Open Access Research article

Species-specific regulation of PXR/CAR/ER-target genes in the mouse and rat liver elicited by o, p'-DDT

Naoki Kiyosawa124, Joshua C Kwekel12, Lyle D Burgoon12, Edward Dere12, Kurt J Williams3, Colleen Tashiro5, Brock Chittim5 and Timothy R Zacharewski12*

Author Affiliations

1 Department of Biochemistry and Molecular Biology, Michigan State University, East Lansing, Michigan, USA

2 Center for Integrative Toxicology and the National Food Safety and Toxicology Center, Michigan State University, East Lansing, Michigan, USA

3 Department of Pathobiology and Diagnostic Investigation, Michigan State University, East Lansing, Michigan, USA

4 Medicinal Safety Research Laboratories, Daiichi Sankyo Co., Ltd. Fukuroi, Shizuoka, Japan

5 Wellington Laboratories Inc. Guelph, Ontario, Canada

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BMC Genomics 2008, 9:487  doi:10.1186/1471-2164-9-487

Published: 16 October 2008



Dichlorodiphenyltrichloroethane (DDT) is a persistent estrogenic organochlorine pesticide that is a rodent hepatic tumor promoter, with inconclusive carcinogenicity in humans. We have previously reported that o, p'-DDT elicits primarily PXR/CAR-mediated activity, rather than ER-mediated hepatic responses, and suggested that CAR-mediated effects, as opposed to ER-mediated effects, may be more important in tumor promotion in the rat liver. To further characterize species-specific hepatic responses, gene expression analysis, with complementary histopathology and tissue level analyses were investigated in immature, ovariectomized C57BL/6 mice treated with 300 mg/kg o, p'-DDT, and compared to Sprague-Dawley rat data.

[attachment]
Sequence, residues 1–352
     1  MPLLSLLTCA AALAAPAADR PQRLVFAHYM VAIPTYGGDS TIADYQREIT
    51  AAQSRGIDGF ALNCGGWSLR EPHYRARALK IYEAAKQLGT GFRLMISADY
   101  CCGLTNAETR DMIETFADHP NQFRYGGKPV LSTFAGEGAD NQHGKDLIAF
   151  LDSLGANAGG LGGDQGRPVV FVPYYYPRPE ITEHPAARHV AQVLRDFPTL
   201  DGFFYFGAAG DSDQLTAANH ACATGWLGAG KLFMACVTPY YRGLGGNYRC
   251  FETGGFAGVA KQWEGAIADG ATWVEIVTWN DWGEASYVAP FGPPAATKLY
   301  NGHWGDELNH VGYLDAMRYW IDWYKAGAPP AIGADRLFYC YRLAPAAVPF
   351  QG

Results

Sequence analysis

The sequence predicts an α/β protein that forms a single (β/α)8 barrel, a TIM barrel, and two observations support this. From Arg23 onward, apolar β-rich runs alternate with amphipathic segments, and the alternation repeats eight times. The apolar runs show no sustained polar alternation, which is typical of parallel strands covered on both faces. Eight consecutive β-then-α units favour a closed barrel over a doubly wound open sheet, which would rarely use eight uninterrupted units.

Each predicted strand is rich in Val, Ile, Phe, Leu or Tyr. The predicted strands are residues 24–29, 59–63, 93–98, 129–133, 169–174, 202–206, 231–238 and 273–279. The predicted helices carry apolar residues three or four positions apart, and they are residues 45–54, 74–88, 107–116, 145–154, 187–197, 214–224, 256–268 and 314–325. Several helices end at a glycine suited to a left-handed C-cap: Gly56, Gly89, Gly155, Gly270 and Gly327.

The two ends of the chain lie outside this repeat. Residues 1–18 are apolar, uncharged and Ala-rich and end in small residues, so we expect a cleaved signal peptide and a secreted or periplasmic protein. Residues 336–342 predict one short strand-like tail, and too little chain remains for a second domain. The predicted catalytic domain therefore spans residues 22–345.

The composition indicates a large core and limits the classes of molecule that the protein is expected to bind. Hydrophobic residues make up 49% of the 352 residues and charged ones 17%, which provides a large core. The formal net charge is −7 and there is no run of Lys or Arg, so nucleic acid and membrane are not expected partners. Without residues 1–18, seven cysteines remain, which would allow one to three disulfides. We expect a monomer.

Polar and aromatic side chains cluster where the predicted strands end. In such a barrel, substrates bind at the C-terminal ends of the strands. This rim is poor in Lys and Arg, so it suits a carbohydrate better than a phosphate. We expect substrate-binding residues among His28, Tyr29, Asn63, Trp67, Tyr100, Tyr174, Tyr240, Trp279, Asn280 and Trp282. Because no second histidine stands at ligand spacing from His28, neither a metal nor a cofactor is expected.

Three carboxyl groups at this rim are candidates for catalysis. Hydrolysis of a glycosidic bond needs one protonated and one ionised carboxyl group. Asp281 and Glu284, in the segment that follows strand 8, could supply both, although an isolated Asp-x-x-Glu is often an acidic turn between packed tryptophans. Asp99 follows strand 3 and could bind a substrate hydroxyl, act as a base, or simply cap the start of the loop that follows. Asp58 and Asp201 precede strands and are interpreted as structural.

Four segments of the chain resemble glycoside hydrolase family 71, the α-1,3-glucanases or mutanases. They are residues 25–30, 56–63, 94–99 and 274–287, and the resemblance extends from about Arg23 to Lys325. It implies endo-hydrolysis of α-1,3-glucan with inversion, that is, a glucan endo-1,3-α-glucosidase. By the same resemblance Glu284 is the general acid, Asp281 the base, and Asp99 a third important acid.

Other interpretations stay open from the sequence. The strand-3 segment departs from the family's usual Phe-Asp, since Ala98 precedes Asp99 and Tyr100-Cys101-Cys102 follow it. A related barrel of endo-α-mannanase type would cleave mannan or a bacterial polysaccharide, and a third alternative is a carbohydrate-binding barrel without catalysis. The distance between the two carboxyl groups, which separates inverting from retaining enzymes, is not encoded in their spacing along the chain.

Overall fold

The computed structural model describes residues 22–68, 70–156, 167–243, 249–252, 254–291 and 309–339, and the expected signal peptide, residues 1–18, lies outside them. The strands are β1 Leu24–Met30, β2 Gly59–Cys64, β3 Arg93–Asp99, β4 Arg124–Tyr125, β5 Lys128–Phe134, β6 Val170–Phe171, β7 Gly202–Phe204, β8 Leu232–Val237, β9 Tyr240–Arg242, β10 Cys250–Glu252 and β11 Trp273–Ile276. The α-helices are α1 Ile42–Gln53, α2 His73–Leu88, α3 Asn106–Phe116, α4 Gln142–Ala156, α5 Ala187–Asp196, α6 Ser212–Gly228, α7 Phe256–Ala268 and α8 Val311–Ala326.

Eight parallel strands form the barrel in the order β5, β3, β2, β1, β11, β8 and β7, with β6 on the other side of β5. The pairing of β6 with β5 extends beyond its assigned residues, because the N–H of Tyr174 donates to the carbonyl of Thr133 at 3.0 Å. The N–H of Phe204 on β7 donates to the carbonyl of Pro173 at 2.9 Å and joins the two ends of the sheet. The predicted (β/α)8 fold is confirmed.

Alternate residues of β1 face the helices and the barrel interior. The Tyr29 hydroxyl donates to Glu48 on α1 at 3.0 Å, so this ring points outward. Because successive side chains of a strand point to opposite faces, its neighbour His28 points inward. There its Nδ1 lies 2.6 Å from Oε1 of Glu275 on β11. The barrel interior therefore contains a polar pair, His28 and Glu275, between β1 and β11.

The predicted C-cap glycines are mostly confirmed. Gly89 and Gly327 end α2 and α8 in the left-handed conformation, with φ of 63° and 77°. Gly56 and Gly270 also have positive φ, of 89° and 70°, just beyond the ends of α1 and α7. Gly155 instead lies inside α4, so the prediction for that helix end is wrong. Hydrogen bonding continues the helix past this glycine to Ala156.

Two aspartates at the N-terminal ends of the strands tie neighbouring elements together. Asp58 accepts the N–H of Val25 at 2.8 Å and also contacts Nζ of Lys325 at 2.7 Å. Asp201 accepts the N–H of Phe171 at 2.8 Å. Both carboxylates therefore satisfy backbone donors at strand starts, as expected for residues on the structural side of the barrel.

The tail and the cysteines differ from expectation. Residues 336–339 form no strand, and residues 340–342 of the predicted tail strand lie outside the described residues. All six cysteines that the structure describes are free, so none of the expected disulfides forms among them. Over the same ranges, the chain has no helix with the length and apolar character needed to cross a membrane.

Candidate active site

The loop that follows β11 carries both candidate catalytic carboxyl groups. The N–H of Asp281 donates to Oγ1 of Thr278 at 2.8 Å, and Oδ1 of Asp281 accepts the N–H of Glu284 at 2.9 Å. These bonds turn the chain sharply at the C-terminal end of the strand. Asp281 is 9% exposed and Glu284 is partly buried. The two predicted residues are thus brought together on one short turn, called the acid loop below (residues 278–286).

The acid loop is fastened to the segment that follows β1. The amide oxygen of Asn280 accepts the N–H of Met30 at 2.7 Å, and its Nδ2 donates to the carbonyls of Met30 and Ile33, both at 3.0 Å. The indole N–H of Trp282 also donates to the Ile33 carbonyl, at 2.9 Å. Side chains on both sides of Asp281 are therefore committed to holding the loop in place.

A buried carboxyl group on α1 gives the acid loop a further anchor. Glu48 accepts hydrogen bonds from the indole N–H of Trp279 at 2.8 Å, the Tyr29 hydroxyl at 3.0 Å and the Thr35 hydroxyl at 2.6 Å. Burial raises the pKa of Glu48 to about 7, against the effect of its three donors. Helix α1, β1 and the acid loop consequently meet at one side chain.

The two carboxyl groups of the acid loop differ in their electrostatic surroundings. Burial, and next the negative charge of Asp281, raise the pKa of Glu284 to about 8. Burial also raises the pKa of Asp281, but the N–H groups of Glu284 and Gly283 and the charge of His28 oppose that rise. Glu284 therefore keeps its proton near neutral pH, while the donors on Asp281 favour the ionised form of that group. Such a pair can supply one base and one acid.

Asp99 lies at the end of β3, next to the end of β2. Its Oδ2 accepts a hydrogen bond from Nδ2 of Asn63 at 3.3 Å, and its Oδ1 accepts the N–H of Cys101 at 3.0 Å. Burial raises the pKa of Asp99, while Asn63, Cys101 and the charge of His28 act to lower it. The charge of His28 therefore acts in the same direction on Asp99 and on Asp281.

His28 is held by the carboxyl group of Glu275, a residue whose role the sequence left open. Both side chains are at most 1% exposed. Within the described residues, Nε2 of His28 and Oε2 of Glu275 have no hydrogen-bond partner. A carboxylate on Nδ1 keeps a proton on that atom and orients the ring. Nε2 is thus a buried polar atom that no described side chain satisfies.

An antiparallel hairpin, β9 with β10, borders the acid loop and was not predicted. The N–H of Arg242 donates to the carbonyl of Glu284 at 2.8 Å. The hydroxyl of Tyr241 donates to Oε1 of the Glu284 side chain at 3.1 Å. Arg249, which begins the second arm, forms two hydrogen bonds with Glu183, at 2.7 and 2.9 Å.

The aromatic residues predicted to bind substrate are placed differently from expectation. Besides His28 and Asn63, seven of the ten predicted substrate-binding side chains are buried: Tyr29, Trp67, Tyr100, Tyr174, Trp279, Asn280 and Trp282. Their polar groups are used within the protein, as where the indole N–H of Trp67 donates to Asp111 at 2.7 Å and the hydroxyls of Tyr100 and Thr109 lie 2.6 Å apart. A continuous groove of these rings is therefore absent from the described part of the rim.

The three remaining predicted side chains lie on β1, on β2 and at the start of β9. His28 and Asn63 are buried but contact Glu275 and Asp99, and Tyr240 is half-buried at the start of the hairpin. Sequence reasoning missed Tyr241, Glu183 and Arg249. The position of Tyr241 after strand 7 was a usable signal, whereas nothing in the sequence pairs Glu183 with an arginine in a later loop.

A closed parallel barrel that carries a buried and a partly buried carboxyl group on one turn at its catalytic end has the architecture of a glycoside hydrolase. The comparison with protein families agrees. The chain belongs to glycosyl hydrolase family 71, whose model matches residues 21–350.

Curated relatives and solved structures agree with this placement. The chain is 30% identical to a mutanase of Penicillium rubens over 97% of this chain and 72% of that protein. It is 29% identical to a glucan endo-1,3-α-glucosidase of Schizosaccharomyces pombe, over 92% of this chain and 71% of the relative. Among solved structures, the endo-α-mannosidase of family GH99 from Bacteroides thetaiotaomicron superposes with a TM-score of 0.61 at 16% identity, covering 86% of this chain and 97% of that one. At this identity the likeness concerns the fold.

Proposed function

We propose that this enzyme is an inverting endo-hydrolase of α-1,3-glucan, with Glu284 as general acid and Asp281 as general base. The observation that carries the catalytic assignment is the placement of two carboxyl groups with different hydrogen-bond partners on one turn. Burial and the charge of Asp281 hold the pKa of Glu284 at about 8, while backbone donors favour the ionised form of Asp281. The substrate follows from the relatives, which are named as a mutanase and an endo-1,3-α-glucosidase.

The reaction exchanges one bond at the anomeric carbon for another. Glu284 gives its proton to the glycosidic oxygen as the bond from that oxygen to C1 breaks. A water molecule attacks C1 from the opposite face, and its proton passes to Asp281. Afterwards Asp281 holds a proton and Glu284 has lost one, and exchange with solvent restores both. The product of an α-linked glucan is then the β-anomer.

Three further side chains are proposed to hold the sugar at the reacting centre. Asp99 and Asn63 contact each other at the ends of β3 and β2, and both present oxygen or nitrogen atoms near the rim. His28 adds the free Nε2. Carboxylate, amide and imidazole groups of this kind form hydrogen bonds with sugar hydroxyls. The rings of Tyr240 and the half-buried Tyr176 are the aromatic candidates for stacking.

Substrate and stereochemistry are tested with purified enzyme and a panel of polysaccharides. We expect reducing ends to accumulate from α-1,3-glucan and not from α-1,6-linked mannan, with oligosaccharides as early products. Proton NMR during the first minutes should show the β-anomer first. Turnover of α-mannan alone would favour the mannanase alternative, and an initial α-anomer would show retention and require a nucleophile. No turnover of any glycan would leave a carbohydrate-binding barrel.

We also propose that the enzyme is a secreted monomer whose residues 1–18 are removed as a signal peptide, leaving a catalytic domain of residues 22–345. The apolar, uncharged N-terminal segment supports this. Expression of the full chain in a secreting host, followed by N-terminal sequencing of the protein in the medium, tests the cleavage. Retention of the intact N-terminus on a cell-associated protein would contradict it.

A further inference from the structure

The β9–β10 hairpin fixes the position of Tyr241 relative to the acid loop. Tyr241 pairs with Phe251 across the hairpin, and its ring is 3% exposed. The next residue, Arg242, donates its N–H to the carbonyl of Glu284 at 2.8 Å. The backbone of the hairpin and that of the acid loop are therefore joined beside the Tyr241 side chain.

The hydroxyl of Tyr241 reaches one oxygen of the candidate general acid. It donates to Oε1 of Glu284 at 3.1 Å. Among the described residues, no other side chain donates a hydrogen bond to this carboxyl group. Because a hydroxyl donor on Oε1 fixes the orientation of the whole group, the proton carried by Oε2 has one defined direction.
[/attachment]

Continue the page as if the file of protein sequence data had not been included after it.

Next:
Rats and mice exhibited negligible histopathology with rapid o, p'-DDT metabolism. Gene expression profiles were also similar, exhibiting PXR/CAR regulation with the characteristic induction of Cyp2b10 and Cyp3a11. However, PXR-specific target genes such as Apoa4 or Insig2 exhibited more pronounced induction compared to CAR-specific genes in the mouse. In addition, mouse Car mRNA levels decreased, possibly contributing to the preferential activation of mouse PXR. ER-regulated genes Cyp17a1 and Cyp7b1 were also induced, suggesting o, p'-DDT also elicits ER-mediated gene expression in the mouse, while ER-mediated effects were negligible in the rat, possibly due to the inhibitory effects of CAR on ER activities. In addition, o, p'-DDT induced Gadd45a, Gadd45b and Cdkn1, suggesting DNA damage may be an additional risk factor. Furthermore, elevated blood DHEA-S levels at 12 h after treatment in the mouse may also contribute to the endocrine-related effects of o, p'-DDT.


Although DDT is known to cause rodent hepatic tumors, the marked species differences in PXR/CAR structure, expression patterns and ligand preference as well as significant species-specific differences in steroidogenesis, especially CYP17A1 expression and activity, confound the extrapolation of these results to humans. Nevertheless, the identification of potential modes of action as well as species-specific responses may assist in the selection and further development of more appropriate models for assessing the toxicity of DDT to humans and wildlife.